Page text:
Military members are given special tax breaks to ease their tax burdens. If you are in the U.S. Armed Forces make sure you don’t miss the opportunity to take advantage of these benefits.
CNN Money reported on the top eight biggest tax breaks available to military members.
Almost everyone in the military is reassigned to a new base at one point in their career, and for most it happens several times while with the Armed Forces. When you do have to move, you are eligible for the moving expenses deduction. Unlike civilians, you can take the deduction no matter how near or far your new duty station is from your previous one. You can deduct any moving-related expenses the military doesn’t reimburse you.
If you are reservist called up for active duty for over 179 days, you may end up taking a pay cut from your regular job. If you need help making ends meet, you can take a penalty-free 401(k) withdrawal without having to pay a 10% early-withdrawal penalty. However, you will still owe income taxes on the money withdrawn.
Everyone who gets a paycheck is subject to income tax. However, if you are an enlisted military member in a designated combat zone, your pay during the assignment is exempt from federal income taxes through the tax-free combat pay policy. This applies even if you are not physically in the combat zone, but are assigned to a unit that directly supports it.
Officers also qualify for this benefit, but only to the amount that the highest-paid enlisted soldier makes. Also, the combat pay is free of state taxes everywhere except New Jersey.
Active duty personnel should check the states where they lived when they enlisted to see if they provide any income tax breaks on military income. While active military members are expected to file in their home states, reservists file in the state where they lived when called up for duty. State breaks on military pay do not apply in the nine states that do not impose income tax as members from these areas do not have to file a state return.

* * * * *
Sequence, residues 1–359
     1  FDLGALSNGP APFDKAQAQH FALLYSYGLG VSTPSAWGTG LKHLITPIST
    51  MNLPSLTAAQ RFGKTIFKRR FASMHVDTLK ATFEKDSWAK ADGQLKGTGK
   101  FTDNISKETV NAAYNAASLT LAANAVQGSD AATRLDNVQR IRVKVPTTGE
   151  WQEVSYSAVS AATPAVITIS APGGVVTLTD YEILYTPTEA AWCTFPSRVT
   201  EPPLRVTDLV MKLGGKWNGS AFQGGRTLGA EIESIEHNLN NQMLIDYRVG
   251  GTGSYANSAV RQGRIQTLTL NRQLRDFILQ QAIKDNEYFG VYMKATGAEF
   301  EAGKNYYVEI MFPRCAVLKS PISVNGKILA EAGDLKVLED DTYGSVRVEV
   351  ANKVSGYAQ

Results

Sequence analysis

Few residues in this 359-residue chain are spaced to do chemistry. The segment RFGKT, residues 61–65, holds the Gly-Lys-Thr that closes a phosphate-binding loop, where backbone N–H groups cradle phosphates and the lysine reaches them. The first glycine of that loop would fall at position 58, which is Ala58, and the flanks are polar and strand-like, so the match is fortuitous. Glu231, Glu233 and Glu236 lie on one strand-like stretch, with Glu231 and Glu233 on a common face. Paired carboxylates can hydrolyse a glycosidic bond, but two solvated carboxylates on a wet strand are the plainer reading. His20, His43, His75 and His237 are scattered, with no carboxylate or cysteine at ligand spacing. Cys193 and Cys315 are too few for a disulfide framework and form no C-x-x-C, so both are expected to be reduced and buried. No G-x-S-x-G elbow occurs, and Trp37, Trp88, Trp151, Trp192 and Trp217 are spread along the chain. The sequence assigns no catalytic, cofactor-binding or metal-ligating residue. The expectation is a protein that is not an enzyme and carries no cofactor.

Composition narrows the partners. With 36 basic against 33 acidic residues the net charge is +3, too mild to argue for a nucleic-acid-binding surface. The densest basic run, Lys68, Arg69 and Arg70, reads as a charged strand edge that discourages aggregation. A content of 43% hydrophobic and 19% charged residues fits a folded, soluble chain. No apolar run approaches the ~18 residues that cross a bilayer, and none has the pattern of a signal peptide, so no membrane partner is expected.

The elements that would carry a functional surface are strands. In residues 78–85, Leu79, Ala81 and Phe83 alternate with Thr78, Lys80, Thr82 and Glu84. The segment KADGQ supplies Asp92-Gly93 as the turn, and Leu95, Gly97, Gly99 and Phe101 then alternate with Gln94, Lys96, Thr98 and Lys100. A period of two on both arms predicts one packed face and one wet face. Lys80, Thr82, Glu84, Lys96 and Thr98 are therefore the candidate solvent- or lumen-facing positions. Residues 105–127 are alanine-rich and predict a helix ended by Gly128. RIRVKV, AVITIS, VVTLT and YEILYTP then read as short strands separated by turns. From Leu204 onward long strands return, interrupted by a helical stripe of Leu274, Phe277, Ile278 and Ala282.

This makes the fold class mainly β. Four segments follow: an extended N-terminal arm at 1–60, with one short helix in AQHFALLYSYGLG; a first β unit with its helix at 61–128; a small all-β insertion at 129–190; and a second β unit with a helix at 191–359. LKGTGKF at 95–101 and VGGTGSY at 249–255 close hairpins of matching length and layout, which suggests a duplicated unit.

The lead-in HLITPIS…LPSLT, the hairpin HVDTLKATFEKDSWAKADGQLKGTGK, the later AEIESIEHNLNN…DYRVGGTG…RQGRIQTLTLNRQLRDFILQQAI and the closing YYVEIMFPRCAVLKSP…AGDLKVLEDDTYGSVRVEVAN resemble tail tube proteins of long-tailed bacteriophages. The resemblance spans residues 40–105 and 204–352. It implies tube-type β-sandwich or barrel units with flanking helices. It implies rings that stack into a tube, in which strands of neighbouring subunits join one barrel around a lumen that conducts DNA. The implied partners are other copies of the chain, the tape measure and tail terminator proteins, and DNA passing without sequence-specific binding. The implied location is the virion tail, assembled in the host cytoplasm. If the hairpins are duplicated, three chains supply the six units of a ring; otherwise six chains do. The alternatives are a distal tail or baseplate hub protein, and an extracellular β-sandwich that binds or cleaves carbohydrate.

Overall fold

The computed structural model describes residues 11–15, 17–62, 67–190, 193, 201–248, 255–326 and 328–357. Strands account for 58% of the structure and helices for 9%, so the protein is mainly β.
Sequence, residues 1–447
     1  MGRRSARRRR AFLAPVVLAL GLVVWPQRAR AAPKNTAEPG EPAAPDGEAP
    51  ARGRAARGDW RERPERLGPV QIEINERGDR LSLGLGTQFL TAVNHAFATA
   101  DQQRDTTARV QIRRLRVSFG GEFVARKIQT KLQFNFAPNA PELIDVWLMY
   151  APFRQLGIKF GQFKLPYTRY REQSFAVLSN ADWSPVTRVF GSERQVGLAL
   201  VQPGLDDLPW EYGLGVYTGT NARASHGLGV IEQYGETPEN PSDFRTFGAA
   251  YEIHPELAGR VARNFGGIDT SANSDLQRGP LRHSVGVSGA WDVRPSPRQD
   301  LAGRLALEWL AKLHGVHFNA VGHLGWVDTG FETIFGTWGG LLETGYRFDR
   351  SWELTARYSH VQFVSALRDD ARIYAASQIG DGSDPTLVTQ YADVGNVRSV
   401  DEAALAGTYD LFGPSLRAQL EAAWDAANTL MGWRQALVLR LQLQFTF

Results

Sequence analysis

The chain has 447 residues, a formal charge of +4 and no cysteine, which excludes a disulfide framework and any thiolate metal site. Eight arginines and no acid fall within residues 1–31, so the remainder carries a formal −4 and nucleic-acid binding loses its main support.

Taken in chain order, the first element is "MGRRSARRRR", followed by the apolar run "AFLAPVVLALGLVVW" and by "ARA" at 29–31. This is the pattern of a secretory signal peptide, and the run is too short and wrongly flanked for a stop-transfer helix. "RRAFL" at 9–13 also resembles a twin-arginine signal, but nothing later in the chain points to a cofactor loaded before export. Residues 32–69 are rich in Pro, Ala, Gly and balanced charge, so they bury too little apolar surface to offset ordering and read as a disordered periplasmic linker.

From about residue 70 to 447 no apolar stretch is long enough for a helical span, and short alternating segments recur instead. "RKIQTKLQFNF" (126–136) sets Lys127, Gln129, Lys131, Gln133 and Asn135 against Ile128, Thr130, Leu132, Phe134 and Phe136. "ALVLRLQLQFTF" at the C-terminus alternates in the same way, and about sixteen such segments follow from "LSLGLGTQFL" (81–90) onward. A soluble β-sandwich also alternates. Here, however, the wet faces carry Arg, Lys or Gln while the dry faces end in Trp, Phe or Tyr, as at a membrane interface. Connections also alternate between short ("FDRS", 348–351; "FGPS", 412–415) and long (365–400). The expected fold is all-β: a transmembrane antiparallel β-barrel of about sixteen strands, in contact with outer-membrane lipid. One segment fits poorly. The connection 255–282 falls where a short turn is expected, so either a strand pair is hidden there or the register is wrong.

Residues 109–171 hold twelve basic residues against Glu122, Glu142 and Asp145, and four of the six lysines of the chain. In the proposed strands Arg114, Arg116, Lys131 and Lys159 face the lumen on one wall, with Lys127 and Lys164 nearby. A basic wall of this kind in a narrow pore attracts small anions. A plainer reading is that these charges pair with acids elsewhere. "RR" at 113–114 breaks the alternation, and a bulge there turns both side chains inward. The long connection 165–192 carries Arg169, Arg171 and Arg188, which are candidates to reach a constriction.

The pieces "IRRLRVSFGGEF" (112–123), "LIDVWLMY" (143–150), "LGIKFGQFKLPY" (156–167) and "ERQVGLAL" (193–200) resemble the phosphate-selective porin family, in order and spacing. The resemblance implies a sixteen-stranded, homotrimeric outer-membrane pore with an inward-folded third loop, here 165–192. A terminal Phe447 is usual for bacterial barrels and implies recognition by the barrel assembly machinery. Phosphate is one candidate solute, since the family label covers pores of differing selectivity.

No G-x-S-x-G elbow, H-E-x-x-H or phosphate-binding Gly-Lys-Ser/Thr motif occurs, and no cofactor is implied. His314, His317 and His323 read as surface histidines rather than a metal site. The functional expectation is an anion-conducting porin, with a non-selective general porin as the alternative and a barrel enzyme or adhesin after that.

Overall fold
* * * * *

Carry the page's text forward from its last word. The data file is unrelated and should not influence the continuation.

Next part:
Even though their combat pay remains tax-free, military members have the flexibility to choose to count their nontaxable income if it qualifies them for a larger Earned Income Tax Credit. Normally, you can only count earned taxable income. This measure is especially helpful to military families in which one works in a combat zone and the other must stay home to take care of their children.
Federal tax debt forgiveness may be given to military members who die while on active duty in a combat zone or from a terrorist or military action. While this is not a benefit anyone wants to receive, it can be helpful to a military family during their time of need as it forgives tax debt in the year of death as well as any prior taxes owed dating back to the first day of combat service.
Reservists have the option to deduct any unreimbursed travel expenses when responding to duty more than 100 miles from home. The reservists’ travel deduction is much more permissive than for that of a civilian. Even if they don’t itemize their deductions, they can take the travel deduction.
A handy tax benefit available to military members based outside the U.S. or Puerto Rico is the ability to file taxes later. If you are one of these members, you are granted an automatic two-month extension without even applying for it. But you still have to pay what you owe by April 15. However, if you are serving in a combat zone, you do not have to file your federal return or pay any tax due until 180 days after your last day served in the zone or your last day of hospitalization if you received any injury while there.
Of course, as with anyone seeking tax advice, it is advisable for military members to meet with a tax professional if there are any questions regarding tax benefits and breaks geared specifically towards members of the Armed Forces.